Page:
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Mississippi River shipping faces potential crisis for third straight year

Large barges charge toward high-risk future on Mississippi River

Drought conditions are forecast for the Mississippi River this year. (Photo: Jim Allen/FreightWaves)

Shipping along the Mississippi River could prove to be a massive headache in 2024, per a recent report from the National Oceanic and Atmospheric Administration.

An unusually warm and dry winter — which allowed the Upper Mississippi River shipping season to begin earlier than usual this year — might herald drought conditions in key areas of the Mississippi River Basin over the coming months.

“Of growing concern will be the potentially low flows on the Mississippi River this summer into fall due to well-below [average] snowpack and precipitation in most of the Northern Plains and Midwest,” Ed Clark, director of NOAA’s National Water Center, said in the report. “This could have potential impacts on those navigation and commercial interests that depend on water from the Mississippi River.”

If this forecast comes to pass, it would mark the third consecutive year in which the Mississippi River was at risk of bottlenecks.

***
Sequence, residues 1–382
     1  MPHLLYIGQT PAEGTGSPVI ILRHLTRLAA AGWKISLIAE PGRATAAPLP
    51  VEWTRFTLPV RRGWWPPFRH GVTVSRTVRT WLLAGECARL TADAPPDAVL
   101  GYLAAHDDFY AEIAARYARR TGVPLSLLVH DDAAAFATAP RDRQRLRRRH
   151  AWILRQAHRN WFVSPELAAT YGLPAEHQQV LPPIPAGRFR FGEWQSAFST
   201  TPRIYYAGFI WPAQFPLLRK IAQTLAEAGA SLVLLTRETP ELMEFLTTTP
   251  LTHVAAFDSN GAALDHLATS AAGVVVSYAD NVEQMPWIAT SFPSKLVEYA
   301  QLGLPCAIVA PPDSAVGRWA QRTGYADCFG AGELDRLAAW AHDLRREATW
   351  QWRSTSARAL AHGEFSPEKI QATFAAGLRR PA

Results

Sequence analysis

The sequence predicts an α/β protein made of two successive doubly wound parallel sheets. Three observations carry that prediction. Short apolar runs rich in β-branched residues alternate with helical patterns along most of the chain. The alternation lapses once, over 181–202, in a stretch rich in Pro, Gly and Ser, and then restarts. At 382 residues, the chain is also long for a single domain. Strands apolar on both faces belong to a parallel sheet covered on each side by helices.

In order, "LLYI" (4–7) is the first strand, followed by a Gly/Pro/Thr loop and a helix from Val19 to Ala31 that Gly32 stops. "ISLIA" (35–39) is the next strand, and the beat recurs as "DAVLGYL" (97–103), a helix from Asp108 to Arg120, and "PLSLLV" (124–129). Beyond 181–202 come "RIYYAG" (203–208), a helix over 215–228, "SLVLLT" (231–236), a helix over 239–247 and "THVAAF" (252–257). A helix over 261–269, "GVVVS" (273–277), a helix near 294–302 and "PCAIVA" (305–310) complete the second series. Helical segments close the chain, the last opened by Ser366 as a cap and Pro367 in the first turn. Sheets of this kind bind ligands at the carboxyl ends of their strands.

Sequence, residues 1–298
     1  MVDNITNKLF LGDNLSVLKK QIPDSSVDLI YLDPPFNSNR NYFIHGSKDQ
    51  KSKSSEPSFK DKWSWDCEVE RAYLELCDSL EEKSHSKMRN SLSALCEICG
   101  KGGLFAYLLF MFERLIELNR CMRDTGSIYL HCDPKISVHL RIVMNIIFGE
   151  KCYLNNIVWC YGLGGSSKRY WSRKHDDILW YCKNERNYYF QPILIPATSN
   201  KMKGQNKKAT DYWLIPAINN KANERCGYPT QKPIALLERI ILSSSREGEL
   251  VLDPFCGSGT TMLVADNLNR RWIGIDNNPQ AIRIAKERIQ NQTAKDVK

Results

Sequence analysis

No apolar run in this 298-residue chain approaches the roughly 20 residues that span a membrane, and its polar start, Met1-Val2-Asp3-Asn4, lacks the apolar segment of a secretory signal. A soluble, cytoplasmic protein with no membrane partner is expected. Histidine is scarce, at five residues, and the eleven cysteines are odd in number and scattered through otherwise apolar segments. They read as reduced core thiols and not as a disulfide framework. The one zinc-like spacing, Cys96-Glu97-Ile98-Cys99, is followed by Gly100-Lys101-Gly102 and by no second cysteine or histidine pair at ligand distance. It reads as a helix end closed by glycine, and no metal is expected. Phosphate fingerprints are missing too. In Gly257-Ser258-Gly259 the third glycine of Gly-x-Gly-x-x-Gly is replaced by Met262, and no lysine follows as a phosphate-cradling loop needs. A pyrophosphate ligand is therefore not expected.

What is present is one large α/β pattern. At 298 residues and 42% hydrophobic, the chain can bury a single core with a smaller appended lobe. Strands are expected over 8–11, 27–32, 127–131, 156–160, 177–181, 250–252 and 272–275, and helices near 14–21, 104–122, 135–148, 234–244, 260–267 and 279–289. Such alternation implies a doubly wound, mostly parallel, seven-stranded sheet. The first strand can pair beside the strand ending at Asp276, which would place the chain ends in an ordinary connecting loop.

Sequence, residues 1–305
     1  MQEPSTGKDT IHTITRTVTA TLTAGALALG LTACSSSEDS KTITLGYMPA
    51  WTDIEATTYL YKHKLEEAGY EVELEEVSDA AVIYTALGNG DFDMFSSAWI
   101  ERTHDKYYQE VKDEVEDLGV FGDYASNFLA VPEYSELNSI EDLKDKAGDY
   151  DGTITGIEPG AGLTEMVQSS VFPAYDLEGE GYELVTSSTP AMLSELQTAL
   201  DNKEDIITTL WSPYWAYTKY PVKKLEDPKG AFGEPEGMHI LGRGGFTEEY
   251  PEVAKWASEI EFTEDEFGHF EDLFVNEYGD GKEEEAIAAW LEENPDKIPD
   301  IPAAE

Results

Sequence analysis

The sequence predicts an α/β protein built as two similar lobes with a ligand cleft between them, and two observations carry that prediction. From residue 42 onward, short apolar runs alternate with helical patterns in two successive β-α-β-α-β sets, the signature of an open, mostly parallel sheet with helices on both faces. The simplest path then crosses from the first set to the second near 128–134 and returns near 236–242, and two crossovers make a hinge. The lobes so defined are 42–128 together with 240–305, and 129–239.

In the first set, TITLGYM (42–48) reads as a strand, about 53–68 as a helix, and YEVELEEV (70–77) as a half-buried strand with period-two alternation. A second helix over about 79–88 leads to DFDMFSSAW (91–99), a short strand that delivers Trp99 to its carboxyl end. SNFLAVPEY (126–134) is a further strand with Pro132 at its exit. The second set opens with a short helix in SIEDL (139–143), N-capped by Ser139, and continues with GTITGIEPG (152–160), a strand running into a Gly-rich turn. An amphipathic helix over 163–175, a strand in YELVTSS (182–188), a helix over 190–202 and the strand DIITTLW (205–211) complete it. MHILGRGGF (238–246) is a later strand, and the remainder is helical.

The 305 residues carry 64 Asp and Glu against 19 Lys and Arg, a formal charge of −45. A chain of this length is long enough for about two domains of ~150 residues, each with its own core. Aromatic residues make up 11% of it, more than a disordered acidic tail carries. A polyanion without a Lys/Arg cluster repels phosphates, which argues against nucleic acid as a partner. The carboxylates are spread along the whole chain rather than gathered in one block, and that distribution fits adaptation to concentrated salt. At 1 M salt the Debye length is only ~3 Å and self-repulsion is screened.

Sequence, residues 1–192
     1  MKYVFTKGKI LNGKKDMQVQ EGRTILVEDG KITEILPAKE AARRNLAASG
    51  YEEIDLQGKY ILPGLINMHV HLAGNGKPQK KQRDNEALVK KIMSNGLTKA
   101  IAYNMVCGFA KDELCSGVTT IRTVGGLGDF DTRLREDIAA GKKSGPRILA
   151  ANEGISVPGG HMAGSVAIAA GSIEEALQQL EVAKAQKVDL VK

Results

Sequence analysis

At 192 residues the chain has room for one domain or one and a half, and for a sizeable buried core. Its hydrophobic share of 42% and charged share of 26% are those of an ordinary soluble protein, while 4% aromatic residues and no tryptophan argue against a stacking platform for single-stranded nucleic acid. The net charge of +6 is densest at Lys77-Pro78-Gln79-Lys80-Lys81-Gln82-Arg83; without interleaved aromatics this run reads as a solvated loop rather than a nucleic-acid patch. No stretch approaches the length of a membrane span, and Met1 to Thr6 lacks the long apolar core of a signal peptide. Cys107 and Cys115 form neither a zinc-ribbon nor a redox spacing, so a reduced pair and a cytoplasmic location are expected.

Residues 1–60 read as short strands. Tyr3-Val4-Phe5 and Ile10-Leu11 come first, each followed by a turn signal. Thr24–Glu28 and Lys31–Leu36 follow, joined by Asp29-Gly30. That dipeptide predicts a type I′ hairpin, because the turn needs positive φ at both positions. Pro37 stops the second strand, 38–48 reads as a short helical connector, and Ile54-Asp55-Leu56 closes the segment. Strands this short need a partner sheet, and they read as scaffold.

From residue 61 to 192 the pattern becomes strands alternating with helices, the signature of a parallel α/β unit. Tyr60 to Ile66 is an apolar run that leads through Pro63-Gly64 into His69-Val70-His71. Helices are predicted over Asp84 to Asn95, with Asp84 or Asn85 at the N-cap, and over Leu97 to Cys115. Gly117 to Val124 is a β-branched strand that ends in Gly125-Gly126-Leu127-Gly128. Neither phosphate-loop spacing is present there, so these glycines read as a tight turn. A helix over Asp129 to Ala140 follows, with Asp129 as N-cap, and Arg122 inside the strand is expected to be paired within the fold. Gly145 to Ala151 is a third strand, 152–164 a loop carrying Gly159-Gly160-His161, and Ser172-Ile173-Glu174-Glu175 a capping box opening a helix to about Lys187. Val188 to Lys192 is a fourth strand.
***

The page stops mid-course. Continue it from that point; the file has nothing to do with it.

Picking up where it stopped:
Stuck between a shoal and a dry place

Shipping via barges along the Mississippi River is vital not only to the transportation industry but also to the broader U.S. economy. In 2019, for instance, more than 60% of soybeans grown in the U.S. were shipped along the Mississippi. The U.S. is the world’s largest producer of soybeans as well as its second-largest exporter.

In that same year, nearly one-fifth of the U.S.’s total crude oil exports traveled along the mighty Mississippi.

These freight flows took on heightened significance in early 2022, when the war in Ukraine threatened the world’s supply of such commodities.

But it was also in 2022 when the Mississippi was stricken by an extreme drought: At one point, more than 100 towboats and 2,000 barges — equivalent to 140,000 semis’ worth of freight — were stuck in the mud.


As a result of the capacity crunch, barge rates more than tripled their three-year average. Not even the wildest days of the 2020-21 truckload spot market saw such runaway growth.

Alternatives for grain shippers were limited at the time: Railroads were struggling to remedy service issues while the industry appeared to be barrelling toward its first strike since 1992 — though that was ultimately avoided by government intervention.

By the end of 2022, the Mississippi River drought is estimated to have cost the U.S. $20 billion in lost economic output.

Given the previous year’s challenges, it would have been hard for 2023 to bring about a comparable crisis. Somehow, it managed.

The culprit was once again an extreme drought that brought water levels in the Mississippi to historic lows at the height of grain’s shipping season. 

For a five-week stretch from late August to late September, downbound grain barge rates were up by an average of 25% year over year (y/y) — highly impressive growth over what was already a monster year for rates.

But by October, barge rates were moderating closer to their historical averages, despite no improvement in waterway conditions.